Cron and open WRT on a GL-AR150 router

Hi,

I just received my GL-AR150 and I’m trying to switch off the wifi at certain times of the day (and if possible certain days of the week).

I already asked my question by email before buying it, and I got the answer that it was not possible with the standard GLiNET firmware but I could be done under open wrt, using “Cron”.

I opened the default web interface and saw an tab with “Cron” and some empty space where I could enter some text.

 

My first question is : is the AR150 using open wrt by default or should I install it myself (and how) ?

My second question is : how can I use the cron tab to set the wifi off at certain times ? (I saw somewhere on the internet that it was possible by adding command lines to certain files on the router… but I cannot figure out how)

 

Thank you very much, and all the best for this new year !

You already opened the web UI then that means it is OpenWRT already. You are using LUCI.

Here is a link for cron jobs in Openwrt: https://wiki.openwrt.org/doc/howto/cron

You will find how to config it to run command in some time of a day. It is quite strange syntax but it is not difficult.

The command to turn wifi on and off is

wifi on

wifi down

 

Hi thanks for your reply.

I’ve checked your links. On the first one for example, it is mentioned a “crontab file”. Where should I find this file ?

My interface is quite simple, I just have an empty text area :

Crontab

Is it the space where I am supposed to copy all the commands such as “wifi on” ?

Thanks for your help :slight_smile:

I think you have to write as to crond format.

For example from the docs

# Reboot at 4:30am every day
# Note: To avoid infinite reboot loop, wait 70 seconds
# and touch a file in /etc so clock will be set
# properly to 4:31 on reboot before cron starts.
30 4 * * * sleep 70 && touch /etc/banner && reboot

The crontab file can be found here: /etc/crontab

edit it with vi or nano (opkg update; opkg install nano) and adhere to the crond format explained here: https://wiki.openwrt.org/doc/howto/cron

So to disable your wifi at say 11pm every day and enable it again at 6am every day, you would insert this into crontab:

# Disable wifi at 11pm and enable at 6am every day
0 23 * * * uci set wireless.@wifi-device[0].disabled=1; uci commit wireless; wifi
0 6 * * * uci set wireless.@wifi-device[0].disabled=0; uci commit wireless; wifi

 

then save (Ctrl+x followed by ‘y’ in nano // esc followed by :wq and enter in vi) and reboot the device. Done!

thanks to you both, I pasted the command lines in the con “area” (cf. print screen above). I will check the next hour if it did work :slight_smile:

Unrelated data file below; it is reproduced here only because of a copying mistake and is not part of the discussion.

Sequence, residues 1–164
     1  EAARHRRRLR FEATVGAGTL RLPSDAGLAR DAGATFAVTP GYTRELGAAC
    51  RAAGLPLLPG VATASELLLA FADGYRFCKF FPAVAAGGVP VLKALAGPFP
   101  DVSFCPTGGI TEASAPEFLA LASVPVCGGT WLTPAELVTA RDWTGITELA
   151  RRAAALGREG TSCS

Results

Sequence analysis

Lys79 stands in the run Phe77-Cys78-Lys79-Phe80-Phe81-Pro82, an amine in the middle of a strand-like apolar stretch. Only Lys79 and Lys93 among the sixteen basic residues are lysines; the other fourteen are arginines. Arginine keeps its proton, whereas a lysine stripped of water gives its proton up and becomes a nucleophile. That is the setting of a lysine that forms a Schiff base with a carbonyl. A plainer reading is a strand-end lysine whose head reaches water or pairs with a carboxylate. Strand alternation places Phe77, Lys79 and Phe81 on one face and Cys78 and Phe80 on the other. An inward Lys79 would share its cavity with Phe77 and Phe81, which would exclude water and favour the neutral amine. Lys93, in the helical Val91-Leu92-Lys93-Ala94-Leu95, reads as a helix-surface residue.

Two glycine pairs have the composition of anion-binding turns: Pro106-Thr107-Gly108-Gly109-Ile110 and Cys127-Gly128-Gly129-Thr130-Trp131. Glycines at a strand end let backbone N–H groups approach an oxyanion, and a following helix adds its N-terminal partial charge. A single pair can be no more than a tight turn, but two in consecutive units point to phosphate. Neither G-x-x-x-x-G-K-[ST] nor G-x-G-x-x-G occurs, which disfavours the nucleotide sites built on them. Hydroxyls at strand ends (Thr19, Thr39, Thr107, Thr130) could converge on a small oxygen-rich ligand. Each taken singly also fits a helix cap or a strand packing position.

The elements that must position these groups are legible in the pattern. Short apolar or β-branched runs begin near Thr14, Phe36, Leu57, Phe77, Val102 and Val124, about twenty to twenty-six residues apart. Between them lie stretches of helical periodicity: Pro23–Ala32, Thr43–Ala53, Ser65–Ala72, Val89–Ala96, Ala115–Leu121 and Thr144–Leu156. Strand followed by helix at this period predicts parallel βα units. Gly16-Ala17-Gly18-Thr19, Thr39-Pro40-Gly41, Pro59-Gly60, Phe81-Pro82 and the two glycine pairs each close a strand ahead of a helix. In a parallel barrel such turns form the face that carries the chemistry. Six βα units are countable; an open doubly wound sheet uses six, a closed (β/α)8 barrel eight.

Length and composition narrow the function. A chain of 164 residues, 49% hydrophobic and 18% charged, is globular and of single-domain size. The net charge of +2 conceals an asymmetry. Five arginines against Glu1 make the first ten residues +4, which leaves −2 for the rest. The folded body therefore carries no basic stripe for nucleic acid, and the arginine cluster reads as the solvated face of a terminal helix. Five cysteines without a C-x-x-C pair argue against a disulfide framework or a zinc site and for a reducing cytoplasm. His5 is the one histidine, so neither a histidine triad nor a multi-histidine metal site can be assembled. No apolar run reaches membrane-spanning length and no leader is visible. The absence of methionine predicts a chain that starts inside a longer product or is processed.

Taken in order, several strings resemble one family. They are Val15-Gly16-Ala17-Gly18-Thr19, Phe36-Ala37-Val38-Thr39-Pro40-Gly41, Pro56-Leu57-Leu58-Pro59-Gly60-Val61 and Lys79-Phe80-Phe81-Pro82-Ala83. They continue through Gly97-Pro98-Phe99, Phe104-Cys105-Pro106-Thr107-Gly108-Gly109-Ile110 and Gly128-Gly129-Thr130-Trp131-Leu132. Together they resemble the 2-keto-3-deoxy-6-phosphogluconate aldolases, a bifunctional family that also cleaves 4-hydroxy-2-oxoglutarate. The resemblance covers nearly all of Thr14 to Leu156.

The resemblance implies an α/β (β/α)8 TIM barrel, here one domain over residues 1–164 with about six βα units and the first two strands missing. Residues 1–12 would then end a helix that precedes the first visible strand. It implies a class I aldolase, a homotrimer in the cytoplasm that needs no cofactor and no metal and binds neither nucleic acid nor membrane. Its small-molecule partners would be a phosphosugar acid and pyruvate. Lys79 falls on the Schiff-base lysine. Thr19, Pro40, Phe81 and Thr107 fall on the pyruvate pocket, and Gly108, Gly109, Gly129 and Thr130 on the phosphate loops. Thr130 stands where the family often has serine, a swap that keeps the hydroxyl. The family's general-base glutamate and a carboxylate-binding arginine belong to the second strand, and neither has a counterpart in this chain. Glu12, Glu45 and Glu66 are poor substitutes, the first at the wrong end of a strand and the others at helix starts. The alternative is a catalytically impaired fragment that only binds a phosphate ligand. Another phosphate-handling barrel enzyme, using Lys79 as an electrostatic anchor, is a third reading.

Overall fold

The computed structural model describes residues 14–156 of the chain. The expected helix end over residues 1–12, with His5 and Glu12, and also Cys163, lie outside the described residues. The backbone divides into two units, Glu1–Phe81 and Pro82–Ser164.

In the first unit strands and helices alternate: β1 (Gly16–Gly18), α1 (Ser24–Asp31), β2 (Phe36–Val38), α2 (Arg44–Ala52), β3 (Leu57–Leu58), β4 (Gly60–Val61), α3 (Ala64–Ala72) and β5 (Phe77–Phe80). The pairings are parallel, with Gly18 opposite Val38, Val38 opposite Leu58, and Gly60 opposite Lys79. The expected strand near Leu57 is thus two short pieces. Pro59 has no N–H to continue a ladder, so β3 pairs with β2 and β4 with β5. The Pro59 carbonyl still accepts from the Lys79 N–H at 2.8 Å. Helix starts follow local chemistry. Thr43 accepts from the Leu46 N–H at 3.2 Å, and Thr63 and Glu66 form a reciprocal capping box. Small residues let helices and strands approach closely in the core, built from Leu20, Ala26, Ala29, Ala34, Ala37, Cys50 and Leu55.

Out of curiosity, how do you access to the devices files /etc/crontab ? I just have access to the webpage unter 192.168.8.1…

When you talk about “vi” or “nano”, are these are the graphical interfaces (the print screen I made above ?)

And last question, is if possible to set a time at 23pm and 30min ? Or is it just “plain” hours ?

 

Thanks again for your help ! :slight_smile:

You access the crontab file via ssh using a console / terminal.

vi and nano or simply editor applications with which you can edit files in a terminal environment. Sort of like MS word, but solely with rudimentary functionality and just the resemblance of a minimal graphical interface.

I’m guessing you could just paste the lines I’ve posted on the webinterface; it’s just that I don’t really know it since I haven’t used it thus far.

Yea, you can set any time and date you want. Instead of “0 23 * * *” you would insert “30 23 * * *” for 11.30pm as the first number are minutes, the second number hours, the third number the day and so on.

I find the free tool WinSCP invaluable for editing Linux files from Windows. Just like editing in Notepad.
vi is for masochists.

Set it up like this
File protocol: SCP
Hostname: 192.168.x.1 (use your gateway or router GUI IPaddress) port: 22
username: (same as Luci/GUI) password: (same as Luci/GUI)

Use drop-down box next to the “SAVE” button and save the ID/password if you always have exclusive access to your Windows machine. I normally save the profile with the same name as the IP address. For example for the router gateway I have in one family household which is 192.168.7.1 for the gateway address, I save the profile names as 192.168.7.1 SCP, and that’s just to set it apart from something that could be running on the router that used another protocol like FTP, etc.